It is better to meet outside or in your home with the sheep than gather together at the table of the wolves.


Filed under Church

6 responses to “The marks of the church and social media

  1. FreshGrace

    Amen. Thank you for speaking plainly.

  2. annthelen

    Thank you for writing.

  3. Kirsten

    “If Doug Wilson is on the book table.” ❤️

  4. Anu Riley

    I appreciate this so much, Pastor. Those were a lot of “ifs” but every single one of them matters! Not one of them was superfluous on any level.

    For me, the hardest part about all of that comes down to this: “appearances can be deceiving.” I’ve modified it to make it even more distressing: appearances are anything BUT revealing.

    Most oceanic life do not live too far beneath the surface. The light from the sun can only penetrate so deep, and not only is the warmth pleasing to life forms, it is also necessary to sustain life forms in general.

    Most of us only want to live on the surface of the water, or at a safe level beneath the surface. This is actually wise, because the lower you go, the darker it gets, the water pressure intensifies, and your life is in real danger. However, when it comes to spiritual matters, it is vital to know what is really going on beneath the surface, and behind what the naked eye sees.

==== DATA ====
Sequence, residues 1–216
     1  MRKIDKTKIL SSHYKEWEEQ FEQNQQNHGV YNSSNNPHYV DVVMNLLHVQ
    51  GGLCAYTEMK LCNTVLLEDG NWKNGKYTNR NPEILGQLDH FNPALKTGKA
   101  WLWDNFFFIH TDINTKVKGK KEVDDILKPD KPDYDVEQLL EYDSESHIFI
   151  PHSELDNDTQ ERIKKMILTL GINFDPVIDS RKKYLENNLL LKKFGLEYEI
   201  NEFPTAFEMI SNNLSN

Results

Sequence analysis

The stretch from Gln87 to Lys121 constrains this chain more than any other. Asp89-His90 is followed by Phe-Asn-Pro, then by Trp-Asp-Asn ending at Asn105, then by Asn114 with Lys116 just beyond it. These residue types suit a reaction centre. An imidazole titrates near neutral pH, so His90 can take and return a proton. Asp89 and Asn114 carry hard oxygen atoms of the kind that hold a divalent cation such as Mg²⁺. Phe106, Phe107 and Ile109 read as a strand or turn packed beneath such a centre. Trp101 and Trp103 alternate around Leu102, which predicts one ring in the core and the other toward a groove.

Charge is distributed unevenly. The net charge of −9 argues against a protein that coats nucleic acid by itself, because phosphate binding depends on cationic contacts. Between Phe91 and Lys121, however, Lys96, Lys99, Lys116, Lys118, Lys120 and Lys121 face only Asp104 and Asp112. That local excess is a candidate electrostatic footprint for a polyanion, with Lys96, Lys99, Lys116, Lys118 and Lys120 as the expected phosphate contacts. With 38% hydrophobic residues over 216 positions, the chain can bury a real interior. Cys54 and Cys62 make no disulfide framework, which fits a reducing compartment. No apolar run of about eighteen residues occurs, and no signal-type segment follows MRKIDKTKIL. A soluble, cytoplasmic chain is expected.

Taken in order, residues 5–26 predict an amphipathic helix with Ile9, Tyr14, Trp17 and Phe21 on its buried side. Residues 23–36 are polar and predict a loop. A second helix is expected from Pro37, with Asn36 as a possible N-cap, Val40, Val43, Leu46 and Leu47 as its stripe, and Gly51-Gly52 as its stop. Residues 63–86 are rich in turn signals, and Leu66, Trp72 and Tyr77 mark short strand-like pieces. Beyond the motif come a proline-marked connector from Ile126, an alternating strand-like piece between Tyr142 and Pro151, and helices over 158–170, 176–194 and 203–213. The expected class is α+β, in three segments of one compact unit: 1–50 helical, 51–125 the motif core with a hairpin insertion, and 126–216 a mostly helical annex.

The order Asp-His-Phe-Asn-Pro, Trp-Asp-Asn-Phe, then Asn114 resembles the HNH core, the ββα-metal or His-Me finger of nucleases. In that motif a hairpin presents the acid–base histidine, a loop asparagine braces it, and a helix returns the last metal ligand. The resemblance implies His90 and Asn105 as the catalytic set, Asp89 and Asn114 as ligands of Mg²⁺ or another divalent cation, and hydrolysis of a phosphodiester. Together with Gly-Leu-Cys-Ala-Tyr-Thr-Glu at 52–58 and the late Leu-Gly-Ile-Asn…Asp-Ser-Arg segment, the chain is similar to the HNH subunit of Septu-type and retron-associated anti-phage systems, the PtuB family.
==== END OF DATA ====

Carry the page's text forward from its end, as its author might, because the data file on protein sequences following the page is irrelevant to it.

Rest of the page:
This one caught my eye the most: “If they view crying as weakness and manipulation.”

    This is an analogy that (for me) represents a lot of my own struggles in using active Biblical discernment to see past what is often passive and pleasing:

    Imagine a husband sitting outside a hospital room. His wife is in that room, unconscious and badly wounded from several gunshot wounds. The husband is crying hysterically. Some people from his church are there, and he begins to speak between sobs.

    You hear things like: she made me do it. She pushed me too far. I didn’t mean to, the gun just went off. I was just trying to scare her. But she still wouldn’t stop. Why isn’t anyone tending to ME? Look at these powder burns I have on my hands (from firing the gun) I am in pain but no one seems to care! Why won’t anyone believe me when I say it was all an accident? I felt so cornered, I HAD to defend myself. It was either her or me. Ask anyone and everyone else, she is troubled and troublesome. Perhaps the church should consider disciplining her to keep her in line. I can’t be expected to put up with this sort of thing anymore.